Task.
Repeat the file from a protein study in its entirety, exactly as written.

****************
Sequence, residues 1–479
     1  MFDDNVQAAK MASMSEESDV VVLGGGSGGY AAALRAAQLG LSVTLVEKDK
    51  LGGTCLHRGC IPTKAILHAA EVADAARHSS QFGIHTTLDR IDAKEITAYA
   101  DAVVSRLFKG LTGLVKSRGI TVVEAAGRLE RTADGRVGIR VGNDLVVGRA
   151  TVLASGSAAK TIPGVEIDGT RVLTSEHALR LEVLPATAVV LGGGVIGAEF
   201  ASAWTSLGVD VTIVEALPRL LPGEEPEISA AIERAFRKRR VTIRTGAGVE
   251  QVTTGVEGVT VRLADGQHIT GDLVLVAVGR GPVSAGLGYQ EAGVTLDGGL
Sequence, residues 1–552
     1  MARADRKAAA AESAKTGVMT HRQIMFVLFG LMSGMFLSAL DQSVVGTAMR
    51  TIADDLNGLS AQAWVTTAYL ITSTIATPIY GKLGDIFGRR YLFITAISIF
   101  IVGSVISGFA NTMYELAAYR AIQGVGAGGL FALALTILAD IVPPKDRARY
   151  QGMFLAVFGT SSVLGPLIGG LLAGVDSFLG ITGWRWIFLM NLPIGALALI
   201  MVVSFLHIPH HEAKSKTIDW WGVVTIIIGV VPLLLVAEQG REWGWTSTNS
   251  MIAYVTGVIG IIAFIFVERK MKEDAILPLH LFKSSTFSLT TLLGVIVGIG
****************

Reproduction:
Sequence, residues 1–479
     1  MFDDNVQAAK MASMSEESDV VVLGGGSGGY AAALRAAQLG LSVTLVEKDK
    51  LGGTCLHRGC IPTKAILHAA EVADAARHSS QFGIHTTLDR IDAKEITAYA
   101  DAVVSRLFKG LTGLVKSRGI TVVEAAGRLE RTADGRVGIR VGNDLVVGRA
   151  TVLASGSAAK TIPGVEIDGT RVLTSEHALR LEVLPATAVV LGGGVIGAEF
   201  ASAWTSLGVD VTIVEALPRL LPGEEPEISA AIERAFRKRR VTIRTGAGVE
   251  QVTTGVEGVT VRLADGQHIT GDLVLVAVGR GPVSAGLGYQ EAGVTLDGGL
Sequence, residues 1–552
     1  MARADRKAAA AESAKTGVMT HRQIMFVLFG LMSGMFLSAL DQSVVGTAMR
    51  TIADDLNGLS AQAWVTTAYL ITSTIATPIY GKLGDIFGRR YLFITAISIF
   101  IVGSVISGFA NTMYELAAYR AIQGVGAGGL FALALTILAD IVPPKDRARY
   151  QGMFLAVFGT SSVLGPLIGG LLAGVDSFLG ITGWRWIFLM NLPIGALALI
   201  MVVSFLHIPH HEAKSKTIDW WGVVTIIIGV VPLLLVAEQG REWGWTSTNS
   251  MIAYVTGVIG IIAFIFVERK MKEDAILPLH LFKSSTFSLT TLLGVIVGIG